People, struggles get lost in transgender hype

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Like many readers, I observed Caitlyn Jenner’s coming out party from afar. Unlike many of you, it wasn’t the first time I or those close to me grappled with a transgender announcement.

Years before orange became the new black or Jazz Jennings uploaded her first YouTube video, our family was spending time at the home of one of my husband’s co-workers. It was typical friendship fare comprised of get-togethers, food and adult beverages.

The relationship was, at least for my husband and me, something relatively new. Being very different people with very different interests, we’d each cultivated friendships, but the lines between “her friends” and “his friends” were well-defined. So, spending time with this other married couple and their children was a rare opportunity for us to visit “our friends.” I became a friend of the wife and my husband, because of the work connection, became an even closer friend to the husband.

The announcement that the couple’s husband would physically transition from male to female was shocking and, in retrospect, a tiny bit expected. It was only afterward, when difficult words had been spoken, that the past could be viewed against a previously hidden backdrop.

My husband had a much more difficult time with the news than I did. I can’t describe exactly what he felt or thought because, to this day, we’ve never completely hashed it out. I do remember asking him if he would continue the friendship, and the slow shake of his head that indicated he wouldn’t.

I held two predominant emotions: grief and pity. I mourned the friendship, the marriage and what felt like the death of someone I knew. As much as I tried, I couldn’t fathom how incredibly difficult the situation had to be for our friends, even if this was an issue they’d been discussing for some time. I felt horrible for the wife, more so for their children.

A transgender 6-year-old plays in her room at her Kansas City, Mo. home in this January 2014 file photo. Transgender children, born, they say, with the wrong bodies, face a society slow to accept them while their parents fight misconceptions. (Allison Long/Kansas City Star/MCT)
A transgender 6-year-old plays in her room at her Kansas City, Mo. home in this January 2014 file photo. Transgender children, born, they say, with the wrong bodies, face a society slow to accept them while their parents fight misconceptions. (Allison Long/Kansas City Star/MCT)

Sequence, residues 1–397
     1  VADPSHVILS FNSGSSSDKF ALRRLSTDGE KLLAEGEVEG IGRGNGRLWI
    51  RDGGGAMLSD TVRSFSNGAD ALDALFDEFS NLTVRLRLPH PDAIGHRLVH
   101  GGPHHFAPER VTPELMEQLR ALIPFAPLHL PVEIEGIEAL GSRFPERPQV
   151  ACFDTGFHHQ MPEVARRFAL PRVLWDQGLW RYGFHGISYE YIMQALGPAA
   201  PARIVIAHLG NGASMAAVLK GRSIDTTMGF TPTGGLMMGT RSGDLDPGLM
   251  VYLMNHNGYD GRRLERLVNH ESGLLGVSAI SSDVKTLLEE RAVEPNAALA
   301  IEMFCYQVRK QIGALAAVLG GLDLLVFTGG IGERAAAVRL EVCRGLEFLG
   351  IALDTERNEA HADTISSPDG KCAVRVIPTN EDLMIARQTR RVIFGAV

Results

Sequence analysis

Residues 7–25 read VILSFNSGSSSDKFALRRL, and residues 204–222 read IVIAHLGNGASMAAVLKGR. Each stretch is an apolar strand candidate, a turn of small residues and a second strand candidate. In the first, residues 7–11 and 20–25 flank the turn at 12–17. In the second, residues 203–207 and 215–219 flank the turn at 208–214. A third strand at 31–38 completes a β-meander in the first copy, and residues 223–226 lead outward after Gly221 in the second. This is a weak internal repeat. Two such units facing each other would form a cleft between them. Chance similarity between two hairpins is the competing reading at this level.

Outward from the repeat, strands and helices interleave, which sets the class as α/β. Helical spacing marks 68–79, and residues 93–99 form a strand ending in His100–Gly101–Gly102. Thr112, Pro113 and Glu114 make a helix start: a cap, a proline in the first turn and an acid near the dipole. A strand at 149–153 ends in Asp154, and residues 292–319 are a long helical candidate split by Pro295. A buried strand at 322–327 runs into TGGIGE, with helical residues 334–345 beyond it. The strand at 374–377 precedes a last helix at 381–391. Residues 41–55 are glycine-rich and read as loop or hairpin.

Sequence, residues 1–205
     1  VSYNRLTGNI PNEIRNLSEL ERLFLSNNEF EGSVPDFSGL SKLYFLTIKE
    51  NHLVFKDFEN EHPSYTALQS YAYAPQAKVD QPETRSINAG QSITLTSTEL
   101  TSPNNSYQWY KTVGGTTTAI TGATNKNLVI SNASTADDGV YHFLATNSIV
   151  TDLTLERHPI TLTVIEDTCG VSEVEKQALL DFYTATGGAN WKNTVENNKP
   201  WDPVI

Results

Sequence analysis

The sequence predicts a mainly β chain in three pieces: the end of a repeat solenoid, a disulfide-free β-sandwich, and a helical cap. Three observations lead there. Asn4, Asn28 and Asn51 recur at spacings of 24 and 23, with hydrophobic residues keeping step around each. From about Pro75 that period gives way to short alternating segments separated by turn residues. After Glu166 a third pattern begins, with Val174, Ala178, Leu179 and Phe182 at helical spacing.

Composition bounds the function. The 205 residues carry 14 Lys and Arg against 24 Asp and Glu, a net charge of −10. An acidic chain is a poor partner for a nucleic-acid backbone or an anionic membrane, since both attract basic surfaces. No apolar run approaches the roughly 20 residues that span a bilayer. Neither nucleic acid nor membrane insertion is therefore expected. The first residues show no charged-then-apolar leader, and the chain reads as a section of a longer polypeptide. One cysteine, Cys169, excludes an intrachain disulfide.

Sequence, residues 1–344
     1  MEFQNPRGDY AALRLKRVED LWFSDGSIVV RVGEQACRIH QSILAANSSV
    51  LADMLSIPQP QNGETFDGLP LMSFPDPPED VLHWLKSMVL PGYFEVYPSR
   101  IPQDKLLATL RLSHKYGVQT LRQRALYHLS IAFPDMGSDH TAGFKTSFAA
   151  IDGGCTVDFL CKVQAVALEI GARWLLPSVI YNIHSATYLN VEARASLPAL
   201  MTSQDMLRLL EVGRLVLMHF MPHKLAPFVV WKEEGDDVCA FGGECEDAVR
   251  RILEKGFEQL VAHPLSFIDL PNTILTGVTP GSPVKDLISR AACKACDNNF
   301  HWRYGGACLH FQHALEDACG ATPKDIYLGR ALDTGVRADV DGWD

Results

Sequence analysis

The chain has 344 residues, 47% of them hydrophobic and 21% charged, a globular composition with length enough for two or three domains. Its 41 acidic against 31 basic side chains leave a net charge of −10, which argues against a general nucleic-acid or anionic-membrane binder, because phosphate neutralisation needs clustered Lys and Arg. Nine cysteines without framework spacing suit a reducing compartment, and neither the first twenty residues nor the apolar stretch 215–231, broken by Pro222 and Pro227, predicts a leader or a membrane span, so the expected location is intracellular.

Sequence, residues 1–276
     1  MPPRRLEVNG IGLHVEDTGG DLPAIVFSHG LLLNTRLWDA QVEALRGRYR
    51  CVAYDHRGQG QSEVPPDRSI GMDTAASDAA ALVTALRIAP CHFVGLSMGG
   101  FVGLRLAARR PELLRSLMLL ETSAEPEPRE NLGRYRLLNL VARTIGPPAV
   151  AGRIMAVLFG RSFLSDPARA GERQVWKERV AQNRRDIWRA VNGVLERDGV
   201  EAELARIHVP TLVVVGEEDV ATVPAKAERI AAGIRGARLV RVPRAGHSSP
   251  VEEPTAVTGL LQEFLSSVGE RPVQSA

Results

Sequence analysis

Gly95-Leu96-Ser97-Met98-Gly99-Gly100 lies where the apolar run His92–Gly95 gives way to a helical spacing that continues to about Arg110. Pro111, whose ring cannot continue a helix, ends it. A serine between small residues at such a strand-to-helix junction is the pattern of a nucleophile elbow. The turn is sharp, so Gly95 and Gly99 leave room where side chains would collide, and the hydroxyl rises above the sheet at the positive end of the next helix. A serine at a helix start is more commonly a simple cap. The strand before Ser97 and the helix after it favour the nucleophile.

The situation was an out-of-control, speeding train that didn’t blow its horn before clanging through the intersection. Our hair and clothing — the fringes of our life — whipped in its wake. Yet we understood the turbulence was even worse for those onboard.

Within days of going public, the family broke apart. The husband took employment in a different state, where a new life as a female could be more easily forged. Wife and daughters remained here, at least for a while, and did their best not to harbor animosity toward the man or the circumstance. Some days were better than others.

Unlike Caitlyn Jenner’s seemingly overnight conversion, our friend explained he was making a multiyear commitment to ultimately match his outward appearance to his internal feelings. There were no awards for courage, no magazine covers, no reality TV contracts, no trending tweets. If anyone suggested the decision was a stunt done on a whim or for publicity, I would have considered them separated from reality.

A multitude of private discussions took place, initiated by our friend. I’m sure his last memories included outrage, dismay and confusion — and he welcomed them, encouraged them, requested them, embraced them. It was as if, once the decision was made, he needed to close the existing book of his life, however painful the last chapter, in order to open a new cover.

Despite the lack of a large sphere of support, our friend gave up everything — and did so with dignity.

As a result, even if I can’t fully understand the decision, I can respect it. I also can hope that if I’m ever in such a situation, faced with losing everything around me to pursue what I believe is an undeniable part of who I am, that I would behave similarly.

This is what I think has been lost within the media circus that has surrounded Jenner and other well-known transgender people. It seemed like one day Jenner was making his announcement and the next her photos were being circulated. There was no larger context, no understanding of the thousands or even millions of conversations, doubts and even regrets that happened before and between these two very public things.

No doubt general awareness is raised when someone famous or well-known places inner struggles on display, but I remain unconvinced such spectacles result in understanding.

This column by Lynda Waddington originally published in The Gazette on July 19, 2015. Photo credit: Allison Long/Kansas City Star/MCT